I'm currently doing compound exercises only - bench press, back squat, deadlift, pull-ups and overhead press. And I would say my numbers are OK except for bench press and overhead press which are pretty good. My only strength training goal is currently to get really strong, as strong as I possibly can. The size will follow. Already increased muscle mass just by focusing on strength. I started training seriously 2019 feb, so almost 3 years. Before that I did some calisthenics mostly; pull ups, push ups, dips, tuck planche, L-sit etc.

I'm mostly curious of what you guys have to say about exercises that will improve ones strength. What exercises would you recommend to become stronger? I'm open for all suggestions. Strongman exercises, weightlifting or some odd (in the eyes of others) old school exercises etc. I'm already doing the powerlifting exercises + overhead press, so I'm wondering which exercises (besides those) I should incorporate to develop my strength as much as possible.

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    You currently asked three, rather broad, questions on exercise, nutrition, and sleep: the holy grail of gains. However, that can't all be addressed in one answer. I do think many of your questions have already been answered here and you could benefit from searching the site.
    – C. Lange
    Jan 24, 2022 at 22:39
  • @C.Lange Hi. Although it's broad I was hoping to get answers from different ppl knowledgeable in different areas regarding strength. I mentioned nutrition and sleep as extra but I'm mostly interested in exercises or unique approaches that'll make you strong/stronger. If someone have experience on working on strength, primarily, and what they have to say regarding strength. Jan 25, 2022 at 12:50
  • @C.Lange Updated now. Jan 25, 2022 at 13:44

1 Answer 1


Strength is specific, so saying "I want to be as strong as possible" doesn't really mean anything. Sorry :) How do you define "strong"? Do you prioritize a better 1RM or a better 8RM (or 12RM, or AMRAP at a specific weight)? If you have to choose between adding 2% to your bench or 3% to your over-head press, which do you choose? Would you prefer mastering muscle-ups or doing really maxing out weighted pull-ups? You have to make priorities. Sure, increasing your 1RM will probably increase your 8RM, and vice versa, but if you focus on increasing 1RM then 8RM will probably not increase as much as if you worked on that specifically (which in turn probably would yield less 1RM gains).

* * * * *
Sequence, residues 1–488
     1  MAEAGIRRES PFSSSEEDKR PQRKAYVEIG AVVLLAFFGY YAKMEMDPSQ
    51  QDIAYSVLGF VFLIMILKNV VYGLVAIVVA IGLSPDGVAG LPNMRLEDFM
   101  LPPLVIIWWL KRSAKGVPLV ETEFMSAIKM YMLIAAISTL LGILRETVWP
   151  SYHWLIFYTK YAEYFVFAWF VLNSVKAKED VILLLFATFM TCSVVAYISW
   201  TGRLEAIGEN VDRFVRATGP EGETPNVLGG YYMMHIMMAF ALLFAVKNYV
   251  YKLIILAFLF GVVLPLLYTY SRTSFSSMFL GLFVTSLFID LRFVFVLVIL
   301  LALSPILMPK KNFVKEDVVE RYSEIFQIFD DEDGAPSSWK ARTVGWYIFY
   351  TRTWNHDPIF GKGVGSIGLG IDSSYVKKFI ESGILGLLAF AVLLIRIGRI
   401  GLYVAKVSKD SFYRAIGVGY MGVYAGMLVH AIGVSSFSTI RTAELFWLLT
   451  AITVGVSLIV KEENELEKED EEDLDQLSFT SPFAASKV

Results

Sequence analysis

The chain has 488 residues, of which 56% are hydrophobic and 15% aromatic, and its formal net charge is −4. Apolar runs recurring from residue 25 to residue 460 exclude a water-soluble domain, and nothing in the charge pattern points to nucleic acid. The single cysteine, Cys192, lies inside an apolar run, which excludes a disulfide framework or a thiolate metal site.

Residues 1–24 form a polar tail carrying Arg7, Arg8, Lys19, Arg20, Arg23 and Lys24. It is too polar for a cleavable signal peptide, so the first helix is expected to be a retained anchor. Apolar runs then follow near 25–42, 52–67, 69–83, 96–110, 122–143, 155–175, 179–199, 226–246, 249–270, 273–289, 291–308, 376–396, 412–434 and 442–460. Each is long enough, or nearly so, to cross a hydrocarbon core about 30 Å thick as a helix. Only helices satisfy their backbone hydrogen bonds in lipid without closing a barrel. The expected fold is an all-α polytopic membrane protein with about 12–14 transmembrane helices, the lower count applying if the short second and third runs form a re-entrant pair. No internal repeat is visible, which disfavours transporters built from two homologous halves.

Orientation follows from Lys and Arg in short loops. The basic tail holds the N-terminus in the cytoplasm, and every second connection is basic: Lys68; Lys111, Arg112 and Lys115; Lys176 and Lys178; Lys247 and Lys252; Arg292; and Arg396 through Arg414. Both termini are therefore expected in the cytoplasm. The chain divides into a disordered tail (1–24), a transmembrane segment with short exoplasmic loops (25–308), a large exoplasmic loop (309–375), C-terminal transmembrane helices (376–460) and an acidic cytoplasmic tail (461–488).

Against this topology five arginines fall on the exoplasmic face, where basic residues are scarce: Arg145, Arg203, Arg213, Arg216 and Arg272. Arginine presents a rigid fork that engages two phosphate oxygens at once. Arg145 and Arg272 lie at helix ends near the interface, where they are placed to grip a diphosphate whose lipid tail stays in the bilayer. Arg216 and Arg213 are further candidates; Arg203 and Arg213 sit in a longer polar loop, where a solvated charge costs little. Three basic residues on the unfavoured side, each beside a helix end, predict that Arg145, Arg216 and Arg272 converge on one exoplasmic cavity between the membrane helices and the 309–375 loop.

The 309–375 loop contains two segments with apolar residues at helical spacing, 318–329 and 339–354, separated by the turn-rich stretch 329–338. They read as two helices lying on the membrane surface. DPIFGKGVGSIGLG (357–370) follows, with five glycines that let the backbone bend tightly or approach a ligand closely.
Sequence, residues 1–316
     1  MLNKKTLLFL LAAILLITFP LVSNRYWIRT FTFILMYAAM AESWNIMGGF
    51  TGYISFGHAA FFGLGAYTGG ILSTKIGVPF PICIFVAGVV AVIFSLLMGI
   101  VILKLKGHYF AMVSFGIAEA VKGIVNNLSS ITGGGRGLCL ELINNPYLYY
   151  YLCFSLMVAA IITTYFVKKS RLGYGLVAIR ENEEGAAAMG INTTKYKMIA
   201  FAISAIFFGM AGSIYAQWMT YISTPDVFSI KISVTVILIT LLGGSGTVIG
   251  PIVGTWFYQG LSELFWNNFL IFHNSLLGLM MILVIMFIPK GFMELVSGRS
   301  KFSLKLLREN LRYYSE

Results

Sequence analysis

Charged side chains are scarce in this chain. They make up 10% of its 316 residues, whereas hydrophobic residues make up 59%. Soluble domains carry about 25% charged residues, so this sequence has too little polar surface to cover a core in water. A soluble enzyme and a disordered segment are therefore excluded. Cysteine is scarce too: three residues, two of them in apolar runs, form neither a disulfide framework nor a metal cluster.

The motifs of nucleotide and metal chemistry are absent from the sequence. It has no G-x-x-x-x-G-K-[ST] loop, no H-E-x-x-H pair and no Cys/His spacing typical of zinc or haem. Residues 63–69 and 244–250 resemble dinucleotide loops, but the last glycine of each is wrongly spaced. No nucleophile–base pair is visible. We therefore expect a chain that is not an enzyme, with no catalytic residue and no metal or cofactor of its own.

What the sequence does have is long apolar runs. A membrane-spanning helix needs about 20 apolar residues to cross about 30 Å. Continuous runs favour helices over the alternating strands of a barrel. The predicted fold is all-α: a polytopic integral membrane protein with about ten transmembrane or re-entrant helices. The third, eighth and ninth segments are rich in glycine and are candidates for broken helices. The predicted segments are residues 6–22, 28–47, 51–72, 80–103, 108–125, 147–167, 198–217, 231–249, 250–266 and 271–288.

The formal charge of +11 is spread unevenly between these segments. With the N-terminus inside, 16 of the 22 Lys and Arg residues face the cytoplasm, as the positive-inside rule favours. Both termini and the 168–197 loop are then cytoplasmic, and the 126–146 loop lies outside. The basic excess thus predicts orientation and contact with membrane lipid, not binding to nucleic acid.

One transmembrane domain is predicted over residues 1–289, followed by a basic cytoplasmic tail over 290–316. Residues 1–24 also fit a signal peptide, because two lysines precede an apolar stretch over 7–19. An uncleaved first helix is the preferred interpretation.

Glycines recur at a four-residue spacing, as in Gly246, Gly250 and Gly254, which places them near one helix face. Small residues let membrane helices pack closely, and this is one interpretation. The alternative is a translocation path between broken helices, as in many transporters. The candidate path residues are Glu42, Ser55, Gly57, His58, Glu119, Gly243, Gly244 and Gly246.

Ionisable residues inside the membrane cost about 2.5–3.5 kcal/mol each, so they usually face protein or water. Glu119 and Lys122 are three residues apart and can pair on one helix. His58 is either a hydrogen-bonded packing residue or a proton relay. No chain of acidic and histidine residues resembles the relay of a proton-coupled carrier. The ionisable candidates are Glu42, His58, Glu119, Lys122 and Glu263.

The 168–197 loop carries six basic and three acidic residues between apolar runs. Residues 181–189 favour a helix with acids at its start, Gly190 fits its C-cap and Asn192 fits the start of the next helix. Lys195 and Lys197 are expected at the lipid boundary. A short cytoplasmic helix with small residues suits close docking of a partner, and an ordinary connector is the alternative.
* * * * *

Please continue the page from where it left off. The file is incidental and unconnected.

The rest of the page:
Having said that, "general strength" is a valid goal for training (if a bit fuzzy). Incidentally, the exercises you mention are probably what I'd recommend if someone asked for five exercises to train the whole body, so you're pretty much on track. If I were to add one compound lift to the mix, then perhaps barbell row (for a pull exercise with a different angle than pull-ups).

Between these five lifts (or six, if you add barbell rows), there's a ridiculous amount of variations you could do: Front squat, deficit deadlift, incline bench press, chin-ups, single-arm dumbbell press, seal row, ad infinitum. You can add these variations to the mix to hit muscles slightly different from how the "default" execution hits them. For example, doing both regular and incline bench press would make you stronger in different angles, but focusing all your efforts on regular bench would probably make you even stronger in regular bench (at the cost of being weaker in incline bench). A compromise is choosing one variation, which you do for a couple of months, and then change to something else.

You may also want to add isolation exercises or machine exercises to target specific muscles when you've spent yourself on the free-weight compound movements. For example, if you do a lot of squats and your technique begins to deteriorate, you probably still have enough energy to finish off with some work in the leg press and/or leg extension machines to cram in some extra volume for the major muscles. For pull-ups, you can add some barbell curls afterwards to give your biceps some more work, or do triceps pushdowns after bench press.

If you want to look at strongman exercises, farmer's walk is really super useful: Grab something heavy and in each hand, and walk off with it. Great for grip strength, traps and core (hits obliques surprisingly good!). The one-handed variation, suitcase carry, hits core even harder (but is obviously easier on legs and glutes, as you only carry half the weight).

To summarize, there are no glaring flaws in your choice of exercises - on the contrary, it's a very good assortment. There's a bunch of stuff you could add, but adding 20 different exotic exercises isn't what you need to get stronger. If you find yourself on a plateau and unable to set new personal records, you should look at how you train, rather than picking new exercises. Perhaps you should try a few weeks of hypertrophy training (not because you specifically want to get bigger, but because bigger muscles are stronger muscles), or inversely focus on heavy, low-rep lifts to work on your nervous system, or try out daily undulating periodization.

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